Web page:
Suffolk University Law School has been ranked number one in the country for legal technology by PreLaw Magazine (Fall 2018). In its ranking, the magazine set out to answer the question: Which law schools are doing the best job preparing the lawyers of the future, helping students meet the new demands of the legal industry, and offering a breadth of offerings from clinics, labs and certificate programs to focused coursework.
The magazine included 30 schools in its ranking, with University of California-Berkeley, Harvard, Stanford, and Columbia all placing in the top 20. “To be selected first among so many outstanding peers is a real honor,” said Suffolk Law’s Dean Andrew Perlman, who founded the school’s legal technology program before becoming dean. “It’s terrific to see the hard work of our students and faculty highlighted.”
In an article earlier this year, “How Suffolk Law is redefining practice-ready,” PreLaw Associate Editor Tyler Roberts called Suffolk Law “one of the most innovative forces in legal education.” It may be cliché to say that your school “produces practice-ready lawyers,” Roberts writes, “but the folks at Suffolk University Law School are redefining what that term means in the 21st century.”
A case in point is Gerald Glover III JD ’15, whose cutting-edge job title—legal solutions architect—may be new to some readers. PreLaw caught up with Glover in his Seattle office at Davis Wright Tremaine. Glover described his role at the firm noting that rather than representing clients, his efforts “are geared toward creating innovative business solutions to problems that often involve numerous stakeholders and departments.” His work falls under the areas of project management, process improvement, data visualization, and alternative staffing resources, he said. Glover had been a student in the Suffolk Law’s Legal Innovation & Technology (LIT) Concentration, the nation’s first.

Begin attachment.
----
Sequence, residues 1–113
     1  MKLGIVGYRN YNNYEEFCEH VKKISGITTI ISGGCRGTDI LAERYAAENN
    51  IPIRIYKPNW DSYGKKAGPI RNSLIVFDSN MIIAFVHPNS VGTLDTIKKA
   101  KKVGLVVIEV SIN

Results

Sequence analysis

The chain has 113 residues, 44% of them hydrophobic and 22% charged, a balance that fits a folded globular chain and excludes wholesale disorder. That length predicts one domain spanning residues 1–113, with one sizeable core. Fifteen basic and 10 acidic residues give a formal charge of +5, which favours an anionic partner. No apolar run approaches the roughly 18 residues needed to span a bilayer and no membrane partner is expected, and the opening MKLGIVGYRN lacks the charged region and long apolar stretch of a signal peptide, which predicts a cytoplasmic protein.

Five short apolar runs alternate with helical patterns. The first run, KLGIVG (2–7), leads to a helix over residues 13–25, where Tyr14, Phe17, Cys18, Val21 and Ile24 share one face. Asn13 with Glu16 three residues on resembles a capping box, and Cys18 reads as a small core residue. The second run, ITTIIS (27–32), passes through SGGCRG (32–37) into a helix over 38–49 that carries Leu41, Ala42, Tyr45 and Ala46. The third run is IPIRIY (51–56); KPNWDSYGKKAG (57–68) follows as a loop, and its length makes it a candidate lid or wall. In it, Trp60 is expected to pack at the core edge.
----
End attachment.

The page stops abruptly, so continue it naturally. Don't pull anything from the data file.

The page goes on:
The publication also spoke to David Colarusso, director of the school’s LIT Lab, who said that students in the lab create legal-technology and data-science solutions for clients such as legal aid groups, courts, law firms and nonprofits.
“Our projects have ranged from the creation of expert systems/guided interviews (chatbots) to the training of algorithms to replicate existing human decisions,” Colarusso said. “We worked with a personal injury law firm to train an algorithm to help them figure out if would-be clients were a good fit for the firm based on historic data.”
The magazine calls Dean Perlman one of the country’s first advocates “for more legal technology education in law schools.”
“It’s not about students learning how to use a specific piece of software,” Perlman told PreLaw’s Sherry Karabin. “We are teaching a new kind of issue spotting. We want our students to be able to identify when a legal service is being delivered inefficiently and to know that there are tools and methods that can improve quality and reduce prices.”
Karabin writes that Suffolk offers students the chance to build expert systems, automate documents, and consider new business models for legal work, with electives such as Design Thinking for Legal Professionals and Coding the Law.
Suffolk Law Professor Gabe Teninbaum, director of the school’s Legal Innovation & Technology Institute notes in the article that Suffolk’s students take on externships in innovative legal work environments as one of their concentration requirements, “applying what they’re learning in the classroom to the real world.”
The ABA Journal last year named Teninbaum and Colarusso to its Web 100 list of innovative leaders. The publication called Teninbaum, who directs both the Legal Innovation & Technology Institute and Concentration, "perhaps the most tech-savvy law professor in the country."
It is not only JD students who are benefitting from the program: Suffolk recently launched a first-of-its-kind online legal technology and innovation certificate program. Industry leaders are teaching the courses, including world-renowned experts from major legal organizations.
Perlman, Colarusso and Teninbaum have all been named Fastcase 50 legal innovation visionaries. Perlman served as inaugural chair of the ABA’s Center for Innovation from 2016 to 2018 and is currently a special adviser to the Center.
PreLaw also ranked Suffolk Law among the best schools in the nation for Business Law and Family Law. PreLaw’s editors said the top schools were determined “by looking at their offerings in the specialty from clinical opportunities to certificates to the breadth of their externships,” as well as courses and key faculty.